Smelling a specimen before preparing it can help make decisions if it smells rotten.


First, we conduct a sniff check: if the specimen smells rotten, it is past the point of return and we do not attempt to make it into a study skin, because it would continue to decay at a rapid pace.



A student prepares a specimen skin. While she prepares she looks it over for any reasons why it could not be made into a full study skin.

A student prepares a specimen skin. While she prepares it she checks it for any reasons why it could not be made into a full study skin.

Second, we do a visual look over on the outside of the specimen: We look for maggots, large wounds, as well as gangrenous flesh which would prevent us from turning the specimen into a whole study skin.


Third, we consider acceptance of certain specimens over the yearThough

Examining a large Great Horned Owl before making it into a parts specimen.

Examining a large Great Horned Owl before salvaging parts of this specimen.

it would be nice to make every specimen we receive into a study skin, we simply cannot  fit them all into cabinets. So only the specimens that are clean (or cleanable) and not losing feathers or fur will be preserved as full skins.



Sub-collections may arise because of a researcher’s fascination with a particular feature of a specimen, but they have become important parts of modern collections. Some sub-collections of the Tetrapod Collection are: skeletons, wings, feet, tails or samples of feathers. This way important research material is preserved, but instead of taking up a large portion of a cabinet these specimens can be filed just like documents into filing cabinets. This also makes sure that valuable records of species are kept even though a full skin could not be made because of how they were found when salvaged. These parts collections can still be valuable for research, for example, when scientists need DNA samples of a particular species. New molecular techniques allow extracting DNA from small tissue samples. To make up for the loss of a full skin, we take multiple images and measurements during processing to accompany the specimen in the collection.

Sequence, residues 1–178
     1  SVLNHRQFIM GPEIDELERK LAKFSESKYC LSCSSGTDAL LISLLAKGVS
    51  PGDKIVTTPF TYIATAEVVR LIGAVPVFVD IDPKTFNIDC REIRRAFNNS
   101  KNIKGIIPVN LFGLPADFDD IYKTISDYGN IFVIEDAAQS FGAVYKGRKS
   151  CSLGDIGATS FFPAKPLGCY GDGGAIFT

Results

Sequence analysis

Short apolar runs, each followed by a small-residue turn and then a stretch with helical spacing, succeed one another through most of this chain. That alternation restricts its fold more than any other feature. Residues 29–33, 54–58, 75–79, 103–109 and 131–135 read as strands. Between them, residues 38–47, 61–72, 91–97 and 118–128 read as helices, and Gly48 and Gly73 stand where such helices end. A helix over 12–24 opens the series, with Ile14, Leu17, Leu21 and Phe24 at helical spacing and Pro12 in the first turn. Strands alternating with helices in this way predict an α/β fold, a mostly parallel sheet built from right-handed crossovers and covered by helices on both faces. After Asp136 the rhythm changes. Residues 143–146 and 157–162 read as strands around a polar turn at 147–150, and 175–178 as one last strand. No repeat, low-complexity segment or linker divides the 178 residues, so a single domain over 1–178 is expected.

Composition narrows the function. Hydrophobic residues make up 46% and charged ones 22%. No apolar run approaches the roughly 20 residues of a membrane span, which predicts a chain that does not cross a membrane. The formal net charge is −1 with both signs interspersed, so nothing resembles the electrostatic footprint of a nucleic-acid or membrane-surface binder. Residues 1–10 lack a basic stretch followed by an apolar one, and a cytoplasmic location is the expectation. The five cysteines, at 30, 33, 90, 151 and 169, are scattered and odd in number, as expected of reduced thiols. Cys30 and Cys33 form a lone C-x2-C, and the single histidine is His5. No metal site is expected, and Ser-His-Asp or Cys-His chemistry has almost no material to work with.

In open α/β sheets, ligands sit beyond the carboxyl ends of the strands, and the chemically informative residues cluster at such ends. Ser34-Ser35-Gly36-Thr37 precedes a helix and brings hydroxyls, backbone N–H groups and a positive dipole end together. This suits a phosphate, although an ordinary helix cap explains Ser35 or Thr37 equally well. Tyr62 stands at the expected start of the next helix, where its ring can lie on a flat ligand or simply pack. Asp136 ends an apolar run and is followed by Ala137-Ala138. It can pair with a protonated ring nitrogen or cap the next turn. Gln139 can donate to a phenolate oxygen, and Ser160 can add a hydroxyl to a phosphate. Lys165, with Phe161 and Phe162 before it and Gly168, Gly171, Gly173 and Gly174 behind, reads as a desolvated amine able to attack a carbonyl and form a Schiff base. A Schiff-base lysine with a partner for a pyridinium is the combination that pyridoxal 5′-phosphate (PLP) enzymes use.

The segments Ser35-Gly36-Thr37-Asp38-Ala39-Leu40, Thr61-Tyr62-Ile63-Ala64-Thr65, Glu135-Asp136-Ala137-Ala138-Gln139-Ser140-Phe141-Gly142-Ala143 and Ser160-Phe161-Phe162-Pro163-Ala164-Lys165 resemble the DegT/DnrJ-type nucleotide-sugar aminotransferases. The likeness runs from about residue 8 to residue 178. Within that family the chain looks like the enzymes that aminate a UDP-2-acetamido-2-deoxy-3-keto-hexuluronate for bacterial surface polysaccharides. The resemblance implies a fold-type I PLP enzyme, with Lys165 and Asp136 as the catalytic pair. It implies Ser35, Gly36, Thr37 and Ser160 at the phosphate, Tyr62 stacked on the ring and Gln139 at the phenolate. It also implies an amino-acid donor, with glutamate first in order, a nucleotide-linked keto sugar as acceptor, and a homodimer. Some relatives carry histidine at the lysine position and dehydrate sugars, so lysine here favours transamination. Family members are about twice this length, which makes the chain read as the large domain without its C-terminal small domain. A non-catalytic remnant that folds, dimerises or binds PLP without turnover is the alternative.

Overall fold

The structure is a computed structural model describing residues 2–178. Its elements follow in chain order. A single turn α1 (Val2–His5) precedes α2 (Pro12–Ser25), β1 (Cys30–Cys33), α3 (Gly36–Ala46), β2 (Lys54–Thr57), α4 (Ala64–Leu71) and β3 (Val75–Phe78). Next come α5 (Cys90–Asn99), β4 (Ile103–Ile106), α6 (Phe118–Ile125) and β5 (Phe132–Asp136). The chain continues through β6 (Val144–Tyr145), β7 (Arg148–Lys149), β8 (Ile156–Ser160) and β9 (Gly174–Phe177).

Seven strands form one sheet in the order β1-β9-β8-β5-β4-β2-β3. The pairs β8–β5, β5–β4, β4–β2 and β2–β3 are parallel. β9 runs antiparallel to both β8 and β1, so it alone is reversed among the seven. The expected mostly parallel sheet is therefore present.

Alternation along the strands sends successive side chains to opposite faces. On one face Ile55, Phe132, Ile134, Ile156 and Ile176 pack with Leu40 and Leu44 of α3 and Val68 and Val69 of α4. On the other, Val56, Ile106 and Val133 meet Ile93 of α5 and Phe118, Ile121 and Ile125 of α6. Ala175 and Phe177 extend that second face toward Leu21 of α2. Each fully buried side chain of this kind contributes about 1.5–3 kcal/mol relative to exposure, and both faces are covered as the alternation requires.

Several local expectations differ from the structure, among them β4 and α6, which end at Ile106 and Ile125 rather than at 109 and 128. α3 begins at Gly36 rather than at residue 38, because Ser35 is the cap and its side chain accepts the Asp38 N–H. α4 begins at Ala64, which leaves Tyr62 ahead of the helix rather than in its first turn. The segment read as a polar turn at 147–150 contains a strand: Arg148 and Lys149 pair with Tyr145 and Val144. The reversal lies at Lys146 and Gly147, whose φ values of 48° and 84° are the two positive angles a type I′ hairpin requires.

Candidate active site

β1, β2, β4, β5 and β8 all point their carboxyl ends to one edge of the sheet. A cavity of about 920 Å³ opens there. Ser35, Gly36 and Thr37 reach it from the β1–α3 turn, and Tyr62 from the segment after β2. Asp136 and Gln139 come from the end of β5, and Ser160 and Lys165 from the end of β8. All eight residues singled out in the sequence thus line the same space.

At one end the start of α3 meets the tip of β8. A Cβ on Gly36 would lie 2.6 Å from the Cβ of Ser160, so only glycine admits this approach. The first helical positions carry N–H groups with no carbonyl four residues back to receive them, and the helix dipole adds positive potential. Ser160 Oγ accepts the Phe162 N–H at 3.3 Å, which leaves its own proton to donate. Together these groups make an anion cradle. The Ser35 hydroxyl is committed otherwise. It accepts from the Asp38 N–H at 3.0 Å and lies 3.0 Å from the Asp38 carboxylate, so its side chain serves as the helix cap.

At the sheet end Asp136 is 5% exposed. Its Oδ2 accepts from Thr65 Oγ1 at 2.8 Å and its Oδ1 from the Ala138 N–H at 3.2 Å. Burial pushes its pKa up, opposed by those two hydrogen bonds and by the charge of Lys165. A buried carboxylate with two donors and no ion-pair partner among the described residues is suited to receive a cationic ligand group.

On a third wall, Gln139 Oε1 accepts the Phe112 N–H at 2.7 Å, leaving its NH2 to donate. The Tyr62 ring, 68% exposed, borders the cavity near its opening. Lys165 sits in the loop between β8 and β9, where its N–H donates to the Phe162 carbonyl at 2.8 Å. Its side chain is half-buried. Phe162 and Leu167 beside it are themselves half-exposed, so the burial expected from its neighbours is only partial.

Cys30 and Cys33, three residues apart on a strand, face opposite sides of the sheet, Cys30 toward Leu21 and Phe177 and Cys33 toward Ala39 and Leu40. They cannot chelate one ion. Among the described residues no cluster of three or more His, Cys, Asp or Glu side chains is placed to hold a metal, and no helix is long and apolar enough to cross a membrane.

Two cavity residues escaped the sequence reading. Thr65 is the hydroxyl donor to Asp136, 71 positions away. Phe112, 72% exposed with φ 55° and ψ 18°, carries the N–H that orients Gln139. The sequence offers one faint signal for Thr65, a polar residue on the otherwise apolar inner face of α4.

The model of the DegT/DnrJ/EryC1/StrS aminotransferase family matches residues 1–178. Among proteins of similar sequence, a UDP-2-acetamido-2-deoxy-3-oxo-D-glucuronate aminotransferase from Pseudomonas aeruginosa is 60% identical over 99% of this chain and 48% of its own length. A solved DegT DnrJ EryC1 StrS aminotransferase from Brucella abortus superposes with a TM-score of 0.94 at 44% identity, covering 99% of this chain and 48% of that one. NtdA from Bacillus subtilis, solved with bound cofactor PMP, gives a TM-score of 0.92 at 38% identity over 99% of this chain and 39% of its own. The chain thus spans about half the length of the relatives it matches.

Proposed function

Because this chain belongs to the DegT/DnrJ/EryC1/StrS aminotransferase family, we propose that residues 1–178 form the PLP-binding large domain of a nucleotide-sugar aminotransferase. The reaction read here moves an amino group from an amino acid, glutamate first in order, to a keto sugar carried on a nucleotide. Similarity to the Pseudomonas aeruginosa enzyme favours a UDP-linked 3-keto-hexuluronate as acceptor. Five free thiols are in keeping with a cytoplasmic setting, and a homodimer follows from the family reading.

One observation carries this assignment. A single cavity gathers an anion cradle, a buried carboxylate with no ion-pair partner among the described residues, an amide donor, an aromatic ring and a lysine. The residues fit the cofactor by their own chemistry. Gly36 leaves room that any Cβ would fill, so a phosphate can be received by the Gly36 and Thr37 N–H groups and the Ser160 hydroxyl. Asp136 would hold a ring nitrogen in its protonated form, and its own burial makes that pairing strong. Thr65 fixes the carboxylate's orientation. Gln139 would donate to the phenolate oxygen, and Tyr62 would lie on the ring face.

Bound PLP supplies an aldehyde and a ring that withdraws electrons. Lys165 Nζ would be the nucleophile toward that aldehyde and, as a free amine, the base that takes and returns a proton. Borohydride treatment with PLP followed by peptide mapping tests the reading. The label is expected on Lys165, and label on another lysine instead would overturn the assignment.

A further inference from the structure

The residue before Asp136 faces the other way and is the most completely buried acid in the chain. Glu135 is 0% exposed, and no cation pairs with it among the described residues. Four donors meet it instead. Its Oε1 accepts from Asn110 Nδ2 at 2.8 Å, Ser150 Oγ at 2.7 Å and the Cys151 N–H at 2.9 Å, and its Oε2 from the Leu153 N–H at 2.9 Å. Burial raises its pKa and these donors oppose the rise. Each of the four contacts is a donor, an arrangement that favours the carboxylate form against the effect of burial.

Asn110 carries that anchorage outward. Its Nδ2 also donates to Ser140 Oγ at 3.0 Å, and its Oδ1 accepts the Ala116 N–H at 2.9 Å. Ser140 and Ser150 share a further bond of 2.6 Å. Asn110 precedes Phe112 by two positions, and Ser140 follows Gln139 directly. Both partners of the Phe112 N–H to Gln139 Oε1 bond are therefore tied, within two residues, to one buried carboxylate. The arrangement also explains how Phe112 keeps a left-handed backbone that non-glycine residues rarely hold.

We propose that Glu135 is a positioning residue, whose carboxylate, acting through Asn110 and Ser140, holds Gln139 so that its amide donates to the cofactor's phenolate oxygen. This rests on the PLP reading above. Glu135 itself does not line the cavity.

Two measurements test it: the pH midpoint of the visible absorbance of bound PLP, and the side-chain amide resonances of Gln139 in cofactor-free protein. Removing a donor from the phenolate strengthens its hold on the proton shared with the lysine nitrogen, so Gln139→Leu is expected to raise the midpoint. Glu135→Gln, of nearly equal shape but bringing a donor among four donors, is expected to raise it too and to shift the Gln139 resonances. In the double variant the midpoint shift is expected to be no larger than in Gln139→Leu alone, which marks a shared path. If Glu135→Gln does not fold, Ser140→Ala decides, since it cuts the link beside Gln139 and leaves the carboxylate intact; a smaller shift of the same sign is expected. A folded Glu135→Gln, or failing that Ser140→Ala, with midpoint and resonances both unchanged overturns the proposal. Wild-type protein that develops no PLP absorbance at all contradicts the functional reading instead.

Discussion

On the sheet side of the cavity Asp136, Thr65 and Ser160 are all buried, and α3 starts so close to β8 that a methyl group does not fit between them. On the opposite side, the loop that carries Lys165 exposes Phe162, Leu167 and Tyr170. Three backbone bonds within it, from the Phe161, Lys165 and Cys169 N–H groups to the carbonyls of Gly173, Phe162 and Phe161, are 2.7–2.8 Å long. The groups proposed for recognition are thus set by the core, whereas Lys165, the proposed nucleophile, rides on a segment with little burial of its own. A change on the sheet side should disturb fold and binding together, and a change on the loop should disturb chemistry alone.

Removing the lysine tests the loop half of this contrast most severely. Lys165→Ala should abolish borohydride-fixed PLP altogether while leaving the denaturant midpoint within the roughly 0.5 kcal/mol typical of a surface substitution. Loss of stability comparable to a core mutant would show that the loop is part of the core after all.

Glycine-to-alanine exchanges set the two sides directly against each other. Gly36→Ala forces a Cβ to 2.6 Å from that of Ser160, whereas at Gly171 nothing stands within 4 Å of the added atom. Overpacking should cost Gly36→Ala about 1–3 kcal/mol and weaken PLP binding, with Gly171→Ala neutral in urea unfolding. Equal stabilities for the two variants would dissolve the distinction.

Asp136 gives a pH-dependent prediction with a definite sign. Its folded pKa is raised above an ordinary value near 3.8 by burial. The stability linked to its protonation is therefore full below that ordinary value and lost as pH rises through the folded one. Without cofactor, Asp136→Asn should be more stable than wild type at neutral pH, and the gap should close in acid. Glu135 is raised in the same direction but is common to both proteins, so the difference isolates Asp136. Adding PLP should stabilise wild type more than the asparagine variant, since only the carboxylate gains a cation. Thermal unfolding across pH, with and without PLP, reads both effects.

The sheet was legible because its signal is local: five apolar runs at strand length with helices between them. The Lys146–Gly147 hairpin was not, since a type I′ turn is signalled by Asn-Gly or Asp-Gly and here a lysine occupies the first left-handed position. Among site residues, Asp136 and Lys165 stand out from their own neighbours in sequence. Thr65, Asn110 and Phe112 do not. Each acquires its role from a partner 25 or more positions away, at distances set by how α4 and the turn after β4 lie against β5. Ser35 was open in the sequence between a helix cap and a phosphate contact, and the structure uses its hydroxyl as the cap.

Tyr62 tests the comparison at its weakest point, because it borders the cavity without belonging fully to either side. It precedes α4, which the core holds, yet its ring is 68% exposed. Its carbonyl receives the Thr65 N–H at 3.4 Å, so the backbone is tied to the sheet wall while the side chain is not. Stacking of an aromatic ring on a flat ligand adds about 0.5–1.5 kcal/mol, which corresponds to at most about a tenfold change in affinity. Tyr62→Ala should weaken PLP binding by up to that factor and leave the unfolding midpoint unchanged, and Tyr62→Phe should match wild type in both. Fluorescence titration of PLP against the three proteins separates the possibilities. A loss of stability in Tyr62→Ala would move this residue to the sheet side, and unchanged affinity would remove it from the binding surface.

A typical set up for preparing study skins.

A typical set up for preparing study skins.

Though it would be ideal for museum’s to preserve an entire specimen it may not be possible in the future as museum collections continue to grow. However as science progresses we are finding that even the smallests amounts of tissue samples of specimens can reveal much about a species. Entire collections of just tissue samples are being formed all around the world focusing on specific taxons or groups of species. In the future, as collections continue to grow it will become more beneficial to create more sub-collections with tissue samples to further the research value of museum collections.